GHEE! Not as Hard as You Think
Ghee has become a popular item as Paleo diets became popular, but ghee has been around for over a millennium where it originates in India. This is because it is more shelf-stable than butter because it can keep even in sweltering weather. Ghee also plays a huge role in Ayurveda, an ancient Indian medical practice.
Ghee is essentially butter that is clarified, then cooked longer than you will typically find in fine kitchens. As a result, its nuttier and has a more intense flavor than regular butter or clarified butter.
It is easy to make (Instructions below), so you don’t need to buy the expensive jars of ghee at the store. All you need is about 30 minutes and some patience while you cook out the milk solids. This also makes it lactose- and casein-free.
The other benefits of Ghee are:
· Contains butyric acid, a short-chain fatty acid found in dairy products, and acts as food for colonocytes, the cells of your colon (meaning it's good for the digestive tract)
· It doesn’t seem to raise cholesterol in the same way butter does.
· It has vitamins A, E, and K2 and twice the short- and medium-chain fatty acids that butter has
· Its high smoke point—485 degrees to be exact—means it works in countless cooking applications.
· Can have anti-inflammatory effect in your joint health
Nutrition Information to one teaspoon:
· Calories: 42
· Protein: 0 grams
· Fat: 5 grams
· Carbohydrates: 0 grams
· Fiber: 0 grams
· Sugar: 0 grams
Use two sticks of organic, grass-fed butter
Place in small pan over medium heat.
Prepare your funnel with cheesecloth. I like to use a funnel that has holes designed to catch bits in a fry oil and a cheesecloth. Check out my short video to see what I use to pour the ghee.
Movie showing the funnel and cheesecloth
Watch carefully as the butter melts. You don’t want it to melt too fast or it will burn.
Continue to watch the butter melt over medium heat. It will start to foam at the top and you will notice some curdles on the bottom of the pan.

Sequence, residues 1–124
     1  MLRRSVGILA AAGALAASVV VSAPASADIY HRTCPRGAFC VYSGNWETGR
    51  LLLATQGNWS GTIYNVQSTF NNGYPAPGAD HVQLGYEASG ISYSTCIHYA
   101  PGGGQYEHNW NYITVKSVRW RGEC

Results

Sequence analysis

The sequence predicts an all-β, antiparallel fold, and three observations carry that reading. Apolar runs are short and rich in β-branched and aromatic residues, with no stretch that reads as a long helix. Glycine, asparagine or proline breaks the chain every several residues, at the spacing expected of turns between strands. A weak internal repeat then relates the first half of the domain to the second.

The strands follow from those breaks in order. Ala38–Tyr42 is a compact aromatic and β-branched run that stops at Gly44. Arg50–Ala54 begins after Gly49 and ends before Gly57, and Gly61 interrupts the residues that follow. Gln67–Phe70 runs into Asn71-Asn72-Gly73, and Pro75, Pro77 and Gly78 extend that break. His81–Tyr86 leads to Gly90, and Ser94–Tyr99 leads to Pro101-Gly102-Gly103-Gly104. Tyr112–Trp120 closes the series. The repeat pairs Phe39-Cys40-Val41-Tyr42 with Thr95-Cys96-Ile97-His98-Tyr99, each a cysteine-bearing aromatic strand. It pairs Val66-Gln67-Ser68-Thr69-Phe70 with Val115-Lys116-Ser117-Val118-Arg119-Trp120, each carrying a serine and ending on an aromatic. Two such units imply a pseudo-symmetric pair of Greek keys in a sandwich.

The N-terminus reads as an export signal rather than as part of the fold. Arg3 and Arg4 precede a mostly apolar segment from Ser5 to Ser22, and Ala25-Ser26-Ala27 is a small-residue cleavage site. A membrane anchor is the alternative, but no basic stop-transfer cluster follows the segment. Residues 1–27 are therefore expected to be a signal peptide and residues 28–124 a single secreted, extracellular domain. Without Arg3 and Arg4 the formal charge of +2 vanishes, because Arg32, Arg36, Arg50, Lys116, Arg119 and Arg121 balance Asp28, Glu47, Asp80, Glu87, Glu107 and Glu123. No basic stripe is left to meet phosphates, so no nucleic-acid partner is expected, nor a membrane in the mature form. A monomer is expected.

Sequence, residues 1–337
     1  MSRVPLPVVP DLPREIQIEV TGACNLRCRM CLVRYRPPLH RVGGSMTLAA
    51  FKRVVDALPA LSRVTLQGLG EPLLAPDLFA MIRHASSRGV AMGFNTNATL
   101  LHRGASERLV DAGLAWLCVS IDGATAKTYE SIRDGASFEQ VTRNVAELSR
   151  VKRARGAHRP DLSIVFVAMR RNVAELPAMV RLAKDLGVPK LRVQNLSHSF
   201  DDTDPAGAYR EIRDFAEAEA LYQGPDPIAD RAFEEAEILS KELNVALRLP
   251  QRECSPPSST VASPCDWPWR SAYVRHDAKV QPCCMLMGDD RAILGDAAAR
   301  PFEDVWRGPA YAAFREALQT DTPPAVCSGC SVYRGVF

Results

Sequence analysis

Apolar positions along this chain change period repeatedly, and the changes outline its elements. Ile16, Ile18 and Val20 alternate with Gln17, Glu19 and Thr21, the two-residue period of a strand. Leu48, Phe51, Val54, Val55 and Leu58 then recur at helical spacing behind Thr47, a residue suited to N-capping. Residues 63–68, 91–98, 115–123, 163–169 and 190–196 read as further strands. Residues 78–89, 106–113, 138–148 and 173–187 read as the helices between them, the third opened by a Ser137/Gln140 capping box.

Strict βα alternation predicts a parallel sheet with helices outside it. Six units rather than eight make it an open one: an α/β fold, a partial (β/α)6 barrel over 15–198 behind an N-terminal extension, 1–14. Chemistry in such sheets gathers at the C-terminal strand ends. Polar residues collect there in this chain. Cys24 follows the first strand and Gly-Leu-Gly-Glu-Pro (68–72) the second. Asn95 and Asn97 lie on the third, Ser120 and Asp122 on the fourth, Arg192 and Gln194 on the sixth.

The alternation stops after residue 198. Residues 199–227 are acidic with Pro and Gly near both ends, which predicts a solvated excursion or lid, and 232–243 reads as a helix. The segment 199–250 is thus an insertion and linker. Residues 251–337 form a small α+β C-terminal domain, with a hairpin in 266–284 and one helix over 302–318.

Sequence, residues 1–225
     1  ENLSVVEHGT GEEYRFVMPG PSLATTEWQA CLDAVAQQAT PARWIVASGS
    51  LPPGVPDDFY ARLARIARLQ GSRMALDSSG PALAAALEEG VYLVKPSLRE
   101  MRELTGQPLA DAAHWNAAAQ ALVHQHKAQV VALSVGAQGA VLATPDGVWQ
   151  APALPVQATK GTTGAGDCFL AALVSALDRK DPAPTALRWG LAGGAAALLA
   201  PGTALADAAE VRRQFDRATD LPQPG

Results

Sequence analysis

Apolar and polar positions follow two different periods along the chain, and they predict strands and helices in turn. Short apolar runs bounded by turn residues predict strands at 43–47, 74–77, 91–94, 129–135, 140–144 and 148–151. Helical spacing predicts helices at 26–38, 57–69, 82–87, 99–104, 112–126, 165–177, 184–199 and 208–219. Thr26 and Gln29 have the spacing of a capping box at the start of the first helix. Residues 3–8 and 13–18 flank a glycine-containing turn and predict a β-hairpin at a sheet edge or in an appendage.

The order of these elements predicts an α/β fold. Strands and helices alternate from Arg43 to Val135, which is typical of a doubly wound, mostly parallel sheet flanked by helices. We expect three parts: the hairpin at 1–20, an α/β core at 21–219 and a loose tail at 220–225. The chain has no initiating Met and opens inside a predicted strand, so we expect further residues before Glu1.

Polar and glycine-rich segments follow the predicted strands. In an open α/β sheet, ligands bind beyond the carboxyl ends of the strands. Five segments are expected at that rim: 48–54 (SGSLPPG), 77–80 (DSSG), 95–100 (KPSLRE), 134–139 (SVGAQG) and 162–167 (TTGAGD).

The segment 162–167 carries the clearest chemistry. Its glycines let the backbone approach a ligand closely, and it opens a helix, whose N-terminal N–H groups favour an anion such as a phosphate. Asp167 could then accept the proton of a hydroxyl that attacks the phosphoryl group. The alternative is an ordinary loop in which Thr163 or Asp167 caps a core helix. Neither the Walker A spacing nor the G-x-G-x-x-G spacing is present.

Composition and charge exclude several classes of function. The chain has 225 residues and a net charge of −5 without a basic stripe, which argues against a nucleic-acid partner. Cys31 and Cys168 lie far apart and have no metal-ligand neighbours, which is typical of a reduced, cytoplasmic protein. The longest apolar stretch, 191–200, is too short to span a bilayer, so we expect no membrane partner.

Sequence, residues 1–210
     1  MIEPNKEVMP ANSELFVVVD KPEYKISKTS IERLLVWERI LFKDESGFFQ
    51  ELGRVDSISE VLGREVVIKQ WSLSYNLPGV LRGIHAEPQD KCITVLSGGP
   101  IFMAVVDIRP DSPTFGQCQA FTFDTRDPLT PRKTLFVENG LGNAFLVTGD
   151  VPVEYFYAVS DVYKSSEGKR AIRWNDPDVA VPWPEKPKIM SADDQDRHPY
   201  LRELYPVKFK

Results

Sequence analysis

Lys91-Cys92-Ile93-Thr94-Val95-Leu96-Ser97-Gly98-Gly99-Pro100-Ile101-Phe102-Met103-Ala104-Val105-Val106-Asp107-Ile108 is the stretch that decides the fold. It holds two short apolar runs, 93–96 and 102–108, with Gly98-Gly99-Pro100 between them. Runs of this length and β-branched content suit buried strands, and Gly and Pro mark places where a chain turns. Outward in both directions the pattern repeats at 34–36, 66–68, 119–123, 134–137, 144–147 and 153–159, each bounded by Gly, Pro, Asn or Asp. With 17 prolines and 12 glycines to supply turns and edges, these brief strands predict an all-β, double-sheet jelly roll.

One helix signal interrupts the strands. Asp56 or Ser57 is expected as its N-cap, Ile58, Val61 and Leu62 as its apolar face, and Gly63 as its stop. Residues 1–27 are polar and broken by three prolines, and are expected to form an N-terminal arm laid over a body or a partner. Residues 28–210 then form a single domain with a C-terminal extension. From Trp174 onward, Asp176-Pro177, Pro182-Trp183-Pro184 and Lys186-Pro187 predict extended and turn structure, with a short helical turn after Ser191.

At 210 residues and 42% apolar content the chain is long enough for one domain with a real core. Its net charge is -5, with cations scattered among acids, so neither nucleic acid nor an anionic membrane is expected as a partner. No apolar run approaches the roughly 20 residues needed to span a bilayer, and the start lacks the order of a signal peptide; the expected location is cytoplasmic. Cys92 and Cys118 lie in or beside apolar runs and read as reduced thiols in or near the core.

Once all the butter is melted and a foam forms on top turn the heat down on your butter to ensure it doesn’t burn and the process slows down.
You will notice the foam starts to disappear and more curdles on the bottom.
You are doing great!
Keep a watch on the Ghee because it will move from this stage to burned fast, if you aren’t careful.
Continue to watch over your Ghee and look for most of the foam to be gone and the curdles turn a rosy color (not burned brown) This is when you know your ghee is almost done.
Ghee is ready to come off the stove and be poured into your glass container. Please ensure the container is not cold, but at room temperature or it will shatter.
Movie clip of the last few seconds of cooking the Ghee
Pour the Ghee into a glass (not cold or it will shatter) jar.
Let cool (not harden) before pouring into a serving container. You can keep it in your jar, as long as it has a lid to cover the ghee.
Once Ghee forms place lid over it and store on your counter tops. There is no need to refrigerate Ghee as it will not go sour, because the milk fat has been removed.
Congratulations! You now have your very own Ghee at a quarter of the cost of buying mass produced Ghee at the supermarket.